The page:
Identifying Quality Attributes for Software Architecture
May 23, 2017
In my blog on Agile Architecture and Design, I had talked about identifying the desired quality attributes for the architecture of a system, in consultation with the Product Owner. I had also talked about prioritizing these desired qualities based on
- their business value to the customer, and
- the cost of implementing early vs cost of implementing late.
Related to these points, I have been asked a question: How do we get the customer to specify the desired architecture qualities? And assess their business value? After all, most customers are not likely to be familiar with the technical terminology that we may use in software architecture and development.
Well, the answer to that, as it turns out, is similar to the way you would figure out the functional requirements from a customer. You ask questions. Whenever things are not obvious to the customer, think of scenarios and narrate stories to help move the requirements discussions along.
In addition, you apply your knowledge of the technologies, the domain, the business environment, etc, to be able to assess the importance of the various quality attributes, such as performance, security, usability, availability, internationalization, dependencies on external systems, etc.
Suppose, you are building a stock trading system. Some of the quality attributes should be obvious, if we have some idea about what stock trading systems do, such as:
- Security would be critical, as there is money involved
- If the system is going to facilitate trade on various stock exchanges, then dependency on external systems would be important too
- As stock prices may change in a fraction of a second, based on demand and supply, performance would be very important as well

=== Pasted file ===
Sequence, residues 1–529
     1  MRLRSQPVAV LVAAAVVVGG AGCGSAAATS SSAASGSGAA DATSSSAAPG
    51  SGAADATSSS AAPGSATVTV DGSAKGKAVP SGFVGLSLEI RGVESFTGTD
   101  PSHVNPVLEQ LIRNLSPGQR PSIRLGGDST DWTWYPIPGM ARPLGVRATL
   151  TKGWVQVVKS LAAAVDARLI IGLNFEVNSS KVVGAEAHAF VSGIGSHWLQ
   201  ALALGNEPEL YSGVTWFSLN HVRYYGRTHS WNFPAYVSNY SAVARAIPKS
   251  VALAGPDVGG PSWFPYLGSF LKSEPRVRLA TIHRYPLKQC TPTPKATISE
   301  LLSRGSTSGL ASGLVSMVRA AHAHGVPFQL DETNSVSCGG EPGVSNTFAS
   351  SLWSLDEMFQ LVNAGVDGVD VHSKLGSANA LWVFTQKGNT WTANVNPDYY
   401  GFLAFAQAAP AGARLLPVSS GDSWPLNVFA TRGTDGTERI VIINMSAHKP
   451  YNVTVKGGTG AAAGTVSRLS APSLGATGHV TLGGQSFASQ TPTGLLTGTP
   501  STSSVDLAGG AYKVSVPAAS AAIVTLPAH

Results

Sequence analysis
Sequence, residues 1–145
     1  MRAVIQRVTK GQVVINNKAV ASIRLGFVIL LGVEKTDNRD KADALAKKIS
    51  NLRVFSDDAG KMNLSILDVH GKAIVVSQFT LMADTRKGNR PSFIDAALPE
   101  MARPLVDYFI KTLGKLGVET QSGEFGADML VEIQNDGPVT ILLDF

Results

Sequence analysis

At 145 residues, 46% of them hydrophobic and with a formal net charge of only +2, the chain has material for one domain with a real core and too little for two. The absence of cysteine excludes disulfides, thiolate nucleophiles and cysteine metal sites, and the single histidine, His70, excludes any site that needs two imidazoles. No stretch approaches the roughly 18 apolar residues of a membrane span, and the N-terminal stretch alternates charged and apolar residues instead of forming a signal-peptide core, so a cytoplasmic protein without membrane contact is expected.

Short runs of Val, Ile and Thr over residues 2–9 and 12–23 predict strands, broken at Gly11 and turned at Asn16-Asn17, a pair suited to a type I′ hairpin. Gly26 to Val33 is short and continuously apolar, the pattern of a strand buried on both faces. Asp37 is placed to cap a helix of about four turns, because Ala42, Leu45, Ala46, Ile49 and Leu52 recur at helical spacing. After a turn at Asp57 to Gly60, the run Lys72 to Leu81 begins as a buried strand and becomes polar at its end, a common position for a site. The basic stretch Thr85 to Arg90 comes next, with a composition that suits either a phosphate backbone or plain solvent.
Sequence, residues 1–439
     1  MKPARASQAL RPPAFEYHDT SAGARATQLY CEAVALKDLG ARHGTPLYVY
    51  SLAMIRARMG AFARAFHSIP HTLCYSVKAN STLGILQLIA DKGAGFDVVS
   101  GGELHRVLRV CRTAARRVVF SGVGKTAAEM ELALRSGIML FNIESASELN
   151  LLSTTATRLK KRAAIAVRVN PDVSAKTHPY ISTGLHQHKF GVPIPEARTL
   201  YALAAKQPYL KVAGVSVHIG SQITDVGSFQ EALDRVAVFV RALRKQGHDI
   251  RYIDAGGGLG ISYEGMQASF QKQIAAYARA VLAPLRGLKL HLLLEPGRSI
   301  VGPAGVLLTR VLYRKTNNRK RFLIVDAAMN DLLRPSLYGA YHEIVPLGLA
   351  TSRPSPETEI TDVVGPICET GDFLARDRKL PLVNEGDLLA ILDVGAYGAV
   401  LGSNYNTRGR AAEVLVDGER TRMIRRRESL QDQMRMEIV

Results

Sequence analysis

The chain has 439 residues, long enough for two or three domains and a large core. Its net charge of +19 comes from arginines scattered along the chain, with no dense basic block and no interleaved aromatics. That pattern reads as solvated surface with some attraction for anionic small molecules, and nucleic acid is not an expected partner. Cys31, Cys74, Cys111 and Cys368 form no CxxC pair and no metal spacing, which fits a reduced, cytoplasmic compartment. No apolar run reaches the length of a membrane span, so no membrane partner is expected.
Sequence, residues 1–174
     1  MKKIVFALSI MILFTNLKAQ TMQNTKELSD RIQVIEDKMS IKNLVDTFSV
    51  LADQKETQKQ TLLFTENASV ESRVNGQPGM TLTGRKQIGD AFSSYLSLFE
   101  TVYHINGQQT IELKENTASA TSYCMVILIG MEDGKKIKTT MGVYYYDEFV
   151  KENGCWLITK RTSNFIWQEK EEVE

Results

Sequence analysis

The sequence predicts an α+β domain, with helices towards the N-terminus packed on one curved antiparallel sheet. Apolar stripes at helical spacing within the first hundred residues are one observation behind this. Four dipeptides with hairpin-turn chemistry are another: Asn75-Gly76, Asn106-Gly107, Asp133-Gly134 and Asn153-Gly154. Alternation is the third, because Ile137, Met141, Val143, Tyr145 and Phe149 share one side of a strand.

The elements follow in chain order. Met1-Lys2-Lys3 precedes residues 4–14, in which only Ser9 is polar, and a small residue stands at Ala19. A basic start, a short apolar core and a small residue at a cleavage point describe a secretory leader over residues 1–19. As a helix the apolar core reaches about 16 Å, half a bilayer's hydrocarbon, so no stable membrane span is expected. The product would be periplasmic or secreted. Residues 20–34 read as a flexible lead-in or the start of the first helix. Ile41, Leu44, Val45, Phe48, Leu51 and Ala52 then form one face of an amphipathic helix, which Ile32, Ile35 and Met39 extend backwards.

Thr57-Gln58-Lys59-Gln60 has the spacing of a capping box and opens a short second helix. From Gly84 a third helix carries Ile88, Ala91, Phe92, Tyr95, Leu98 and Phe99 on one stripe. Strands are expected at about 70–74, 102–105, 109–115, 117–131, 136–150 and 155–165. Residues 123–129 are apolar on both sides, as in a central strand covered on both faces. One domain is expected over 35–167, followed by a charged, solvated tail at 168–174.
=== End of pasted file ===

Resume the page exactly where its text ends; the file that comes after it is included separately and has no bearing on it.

However, we shouldn’t just make assumptions and unilaterally decide what the desired quality attributes for the system should be. We must verify our understanding and all our assumptions with the customer. We must ask appropriate questions, even for the quality attributes that don’t appear important to us, because who knows, we may be missing something that could be very important for our customer with the help of Commercial events RDC Photography.
Another related question: how do we validate architecture choices with the customers that are too technical for them to understand?
Suppose we need to deal with concurrency in an application, because more than one user may sometimes want to modify the same data in that application (shared mutable data).
We know that dealing with concurrency typically entails locking some records or resources in a system. There are various approaches to locking, say, a database record, such as optimistic locking and pessimistic locking. Suppose we are evaluating these two approaches for an application.
How do we decide which of the two locking approaches is more appropriate for a system that we are building? Should we (the development team) brainstorm among ourselves, make assumptions and decide on our own? Or should we make the customer decide?
The customer should make the choice. But how do we make the customer understand these two choices, and make a decision? Perhaps they have never heard of optimistic and pessimistic locking or do not fully understand the technical aspects of each locking strategy.